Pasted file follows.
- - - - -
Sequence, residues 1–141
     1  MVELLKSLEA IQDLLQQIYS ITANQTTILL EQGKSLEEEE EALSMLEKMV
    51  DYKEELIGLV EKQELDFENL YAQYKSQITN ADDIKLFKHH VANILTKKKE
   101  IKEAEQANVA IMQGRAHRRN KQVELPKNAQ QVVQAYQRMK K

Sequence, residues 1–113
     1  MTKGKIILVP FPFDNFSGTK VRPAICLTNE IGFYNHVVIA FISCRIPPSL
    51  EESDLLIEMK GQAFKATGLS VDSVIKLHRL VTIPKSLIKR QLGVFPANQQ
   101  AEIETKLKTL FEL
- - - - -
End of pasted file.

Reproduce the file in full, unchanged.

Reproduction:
Sequence, residues 1–141
     1  MVELLKSLEA IQDLLQQIYS ITANQTTILL EQGKSLEEEE EALSMLEKMV
    51  DYKEELIGLV EKQELDFENL YAQYKSQITN ADDIKLFKHH VANILTKKKE
   101  IKEAEQANVA IMQGRAHRRN KQVELPKNAQ QVVQAYQRMK K

Sequence, residues 1–113
     1  MTKGKIILVP FPFDNFSGTK VRPAICLTNE IGFYNHVVIA FISCRIPPSL
    51  EESDLLIEMK GQAFKATGLS VDSVIKLHRL VTIPKSLIKR QLGVFPANQQ
   101  AEIETKLKTL FEL